CAE signs long-term training deal with SAS for Airbus A350 pilots
CAE and Scandinavian carrier SAS, announced the signing of an exclusive Airbus A350 pilot training agreement until 2032. CAE already provides Airbus A320, A330 and Boeing 737 full-flight simulator (FFS) training to the airline’s pilots. CAE has been providing training solutions services, initial and recurrent pilot training, and cabin crew training to SAS for more than 10 years. Pilot training for Airbus A350 aircraft is a key part of SAS’s growth and fleet modernisation as the airline continues to open up new destinations and more frequent flights. In support of this agreement, CAE deployed an Airbus A320 FFS to its CAE Oslo training centre in 2021 and will deploy another Airbus A350 FFS to its CAE Copenhagen training centre in the beginning of 2022.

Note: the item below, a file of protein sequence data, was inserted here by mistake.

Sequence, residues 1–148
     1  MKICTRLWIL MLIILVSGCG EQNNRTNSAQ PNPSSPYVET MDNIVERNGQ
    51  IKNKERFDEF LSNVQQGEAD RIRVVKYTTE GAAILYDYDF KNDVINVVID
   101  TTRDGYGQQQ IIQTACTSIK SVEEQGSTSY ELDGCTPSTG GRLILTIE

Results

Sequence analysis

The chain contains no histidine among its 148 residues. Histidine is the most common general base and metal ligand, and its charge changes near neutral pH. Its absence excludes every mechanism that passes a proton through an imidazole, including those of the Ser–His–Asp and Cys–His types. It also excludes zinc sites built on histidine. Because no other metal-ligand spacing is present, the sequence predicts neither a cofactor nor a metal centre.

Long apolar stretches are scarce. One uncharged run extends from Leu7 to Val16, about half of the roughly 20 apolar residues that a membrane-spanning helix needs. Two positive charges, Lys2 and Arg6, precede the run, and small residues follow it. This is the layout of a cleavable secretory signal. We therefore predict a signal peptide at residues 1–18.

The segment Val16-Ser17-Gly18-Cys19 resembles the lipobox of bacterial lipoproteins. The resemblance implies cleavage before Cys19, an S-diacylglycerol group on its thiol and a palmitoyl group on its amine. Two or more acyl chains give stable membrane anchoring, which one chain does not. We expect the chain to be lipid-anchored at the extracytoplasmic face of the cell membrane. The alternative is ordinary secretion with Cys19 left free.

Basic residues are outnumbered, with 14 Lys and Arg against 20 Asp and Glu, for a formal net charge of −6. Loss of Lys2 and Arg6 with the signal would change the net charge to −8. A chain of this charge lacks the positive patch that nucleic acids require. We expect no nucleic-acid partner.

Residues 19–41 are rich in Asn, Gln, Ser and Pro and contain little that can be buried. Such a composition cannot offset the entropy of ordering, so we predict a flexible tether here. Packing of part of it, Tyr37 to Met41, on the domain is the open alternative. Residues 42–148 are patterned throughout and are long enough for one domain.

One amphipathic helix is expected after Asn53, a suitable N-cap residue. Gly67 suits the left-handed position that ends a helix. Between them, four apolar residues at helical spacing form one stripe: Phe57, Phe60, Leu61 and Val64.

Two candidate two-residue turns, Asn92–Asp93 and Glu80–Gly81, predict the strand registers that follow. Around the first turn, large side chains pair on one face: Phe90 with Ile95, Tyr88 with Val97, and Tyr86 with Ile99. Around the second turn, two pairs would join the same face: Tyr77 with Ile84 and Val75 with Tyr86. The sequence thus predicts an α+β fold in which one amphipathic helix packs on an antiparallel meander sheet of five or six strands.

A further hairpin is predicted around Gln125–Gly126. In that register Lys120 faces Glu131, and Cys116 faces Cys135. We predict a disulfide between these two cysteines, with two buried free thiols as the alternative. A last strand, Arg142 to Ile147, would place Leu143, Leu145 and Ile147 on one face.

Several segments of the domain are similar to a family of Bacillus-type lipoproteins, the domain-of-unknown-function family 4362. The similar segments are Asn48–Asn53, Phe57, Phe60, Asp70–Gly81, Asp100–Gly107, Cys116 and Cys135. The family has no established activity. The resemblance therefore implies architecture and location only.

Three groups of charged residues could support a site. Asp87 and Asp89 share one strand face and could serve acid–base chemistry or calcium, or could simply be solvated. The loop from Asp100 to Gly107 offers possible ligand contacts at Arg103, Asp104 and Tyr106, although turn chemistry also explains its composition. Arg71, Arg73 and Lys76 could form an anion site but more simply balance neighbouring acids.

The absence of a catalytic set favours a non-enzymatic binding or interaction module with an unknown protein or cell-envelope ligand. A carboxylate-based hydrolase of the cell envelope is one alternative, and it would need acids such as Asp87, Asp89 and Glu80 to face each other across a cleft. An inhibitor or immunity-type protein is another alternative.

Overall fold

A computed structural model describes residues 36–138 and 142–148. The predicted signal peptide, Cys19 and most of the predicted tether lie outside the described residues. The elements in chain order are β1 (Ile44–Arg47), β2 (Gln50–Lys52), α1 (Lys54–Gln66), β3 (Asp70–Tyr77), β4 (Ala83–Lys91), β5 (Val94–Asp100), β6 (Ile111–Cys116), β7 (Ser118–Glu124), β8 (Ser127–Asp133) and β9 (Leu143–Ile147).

OWG’s 1st anniversary: First Boeing 737-800 for OWG

MIRABEL, QC, Aug. 5, 2021 /CNW Telbec/ – A year after its arrival in the Quebec aviation market, OWG, the newest division of Nolinor Aviation, is getting ready to bounce back from the pandemic by adding its first Boeing 737-800 to its fleet. On the eve of a return to “normalcy“, this acquisition will provide a positive flying experience to more travelers allowing them to fly longer distances and support the creation of more than 20 specialized jobs.

First Boeing 737-800 for OWG (CNW Group/OWG)

“Our team spent the past year planning this moment and we look forward to flying again when it will be safe to do so. With this new 737-800 aircraft, OWG will offer the HIGH LOVE experience towards more destinations. It is the next logical step for us”, declared Mr. Marco Prud’Homme, President of Nolinor Aviation.